Both Shanghai and Nanjing are cities in southern China where the heat in summer (when the above happened) can be repressive. Nobody would be wearing winter boots of any kind at that time. The only footwear that could resemble "boots" would be rain boots. But those are also made of light rubber and were not part of the regular attire for Red Guards at the time.

Thursday, March 28, 2013

Broken Fact: Fu Ping's Parents being Sent Away

The Original Version:
Among a chaotic horror, Fu Ping's fateful day reached the climax when she finally saw her parents, as in Pages 26-27 in Bend, Not Break:
Once I took in the scene, the situation seemed hopeless. Armed military personnel unloaded from tanks and trucks lining the road in front of the main entrance to the university. Behind the military line they had formed, a crowd of thousands pushed at one another and yelled at the Red Guards. Trucks jammed with more people passed by. Chaos filled the air, and confusion shone forth from the face of every citizen. Still eager to find Nanjing Mother and Father, I squeezed between people's legs and made my way to the front of the crowd, right up against the university gates.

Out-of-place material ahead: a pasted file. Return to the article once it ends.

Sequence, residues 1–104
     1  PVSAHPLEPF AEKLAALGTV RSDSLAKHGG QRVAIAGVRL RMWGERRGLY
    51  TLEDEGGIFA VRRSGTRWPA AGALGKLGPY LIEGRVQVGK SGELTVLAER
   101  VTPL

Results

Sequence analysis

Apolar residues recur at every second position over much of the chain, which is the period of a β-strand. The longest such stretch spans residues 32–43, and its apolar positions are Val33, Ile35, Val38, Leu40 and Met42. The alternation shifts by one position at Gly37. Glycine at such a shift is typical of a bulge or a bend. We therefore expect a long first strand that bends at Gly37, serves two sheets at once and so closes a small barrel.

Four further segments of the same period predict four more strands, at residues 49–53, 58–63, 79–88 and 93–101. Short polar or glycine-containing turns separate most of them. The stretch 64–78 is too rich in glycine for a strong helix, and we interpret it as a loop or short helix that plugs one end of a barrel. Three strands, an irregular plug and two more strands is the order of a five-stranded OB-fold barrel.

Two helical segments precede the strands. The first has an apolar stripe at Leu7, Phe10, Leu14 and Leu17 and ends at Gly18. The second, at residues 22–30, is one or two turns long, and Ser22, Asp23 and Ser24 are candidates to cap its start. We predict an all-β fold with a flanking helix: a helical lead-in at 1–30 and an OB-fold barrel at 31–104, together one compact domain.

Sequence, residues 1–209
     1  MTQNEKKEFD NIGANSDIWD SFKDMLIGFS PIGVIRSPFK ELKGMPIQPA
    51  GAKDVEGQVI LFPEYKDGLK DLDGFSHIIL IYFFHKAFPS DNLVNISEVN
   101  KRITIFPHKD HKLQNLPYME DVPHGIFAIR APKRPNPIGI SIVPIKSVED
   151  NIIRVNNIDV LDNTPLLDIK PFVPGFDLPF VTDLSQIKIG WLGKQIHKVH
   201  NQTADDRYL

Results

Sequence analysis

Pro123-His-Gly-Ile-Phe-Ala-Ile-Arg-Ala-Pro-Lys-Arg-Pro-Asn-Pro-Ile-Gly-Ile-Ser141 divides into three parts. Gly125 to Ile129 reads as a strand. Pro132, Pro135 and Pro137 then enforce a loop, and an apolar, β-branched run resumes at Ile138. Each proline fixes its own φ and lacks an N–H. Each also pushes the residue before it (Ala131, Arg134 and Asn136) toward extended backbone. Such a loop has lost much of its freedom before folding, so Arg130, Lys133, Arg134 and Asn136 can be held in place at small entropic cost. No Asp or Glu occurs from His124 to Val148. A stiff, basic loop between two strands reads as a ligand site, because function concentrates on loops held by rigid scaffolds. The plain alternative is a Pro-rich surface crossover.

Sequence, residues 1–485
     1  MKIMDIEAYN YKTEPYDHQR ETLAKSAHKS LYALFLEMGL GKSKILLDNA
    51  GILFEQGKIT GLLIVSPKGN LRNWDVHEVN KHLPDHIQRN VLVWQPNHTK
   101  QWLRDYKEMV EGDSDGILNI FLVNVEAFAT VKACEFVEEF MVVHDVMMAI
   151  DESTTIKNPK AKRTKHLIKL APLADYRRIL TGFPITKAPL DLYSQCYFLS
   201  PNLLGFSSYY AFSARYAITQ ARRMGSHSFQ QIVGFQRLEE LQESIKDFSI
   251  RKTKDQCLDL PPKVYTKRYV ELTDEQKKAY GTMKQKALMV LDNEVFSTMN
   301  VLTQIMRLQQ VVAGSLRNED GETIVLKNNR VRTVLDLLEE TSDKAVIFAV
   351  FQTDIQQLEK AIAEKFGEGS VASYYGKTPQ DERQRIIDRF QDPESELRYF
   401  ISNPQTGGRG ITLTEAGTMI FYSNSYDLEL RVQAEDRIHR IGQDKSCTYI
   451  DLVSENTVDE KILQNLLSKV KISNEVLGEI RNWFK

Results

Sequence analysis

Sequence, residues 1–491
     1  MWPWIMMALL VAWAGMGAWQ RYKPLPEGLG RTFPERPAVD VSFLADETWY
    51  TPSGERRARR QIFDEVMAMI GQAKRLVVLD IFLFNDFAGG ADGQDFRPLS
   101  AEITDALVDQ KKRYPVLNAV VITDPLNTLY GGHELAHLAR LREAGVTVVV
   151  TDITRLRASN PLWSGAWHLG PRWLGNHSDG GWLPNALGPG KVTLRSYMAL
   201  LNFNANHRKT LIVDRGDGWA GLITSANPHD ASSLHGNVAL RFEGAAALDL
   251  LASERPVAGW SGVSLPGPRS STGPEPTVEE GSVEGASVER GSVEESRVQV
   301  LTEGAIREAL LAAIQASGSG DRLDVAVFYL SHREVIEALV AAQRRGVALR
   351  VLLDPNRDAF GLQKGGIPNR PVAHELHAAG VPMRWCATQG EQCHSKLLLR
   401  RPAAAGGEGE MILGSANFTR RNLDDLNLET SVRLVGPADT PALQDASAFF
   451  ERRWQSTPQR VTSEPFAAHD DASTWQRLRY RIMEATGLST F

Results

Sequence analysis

Suddenly, I heard my nickname being called by a thin and familiar voice. Standing on my tiptoes and stretching my neck long to make myself taller, I struggled to determine where the sound was coming from. 
"Ping-Ping!" the voice called again, enabling me to home in on one of the trucks where Red Guards were loading up citizens. Standing there in the truck bed were my Nanjing parents. They furiously nudged their bodies through the crowd to get closer to the edge of the truck bed so that they could wave to me. Their faces were flushed red and drawn tight.
The Debunking:
Where shall we start? We already talked about the impossibility of having tanks on the street in 1966. Indeed, there was no time during the Cultural Revolution that the Red Guards and the the regular military worked together. If any thing, the army was called in, two years later, to suppress the (original) Red Guards.

Just as the case of Fu Ping's siblings being sent away, her Nanjing parents could not have been sent away in 1966. Although the idea of sending government officers and intellectuals down to farms originated from an instruction by Mao Zedong on May 7, 1966 (五七指示), the practice did not start until two years later in 1968.

Even if they did start so much earlier in Nanjing. It is still impossible for Fu Ping's parents being sent away together. In China, everything is organized around a person's "work unit" (单位), or employer. We know that Fu Ping's father is a professor at NUAA. It was unclear exactly where her mother worked, but it was apparent that she did not work in the same school. Therefore she does not belong to NUAA. When NUAA was sending its people away from its campus, her mother would not be in the truck.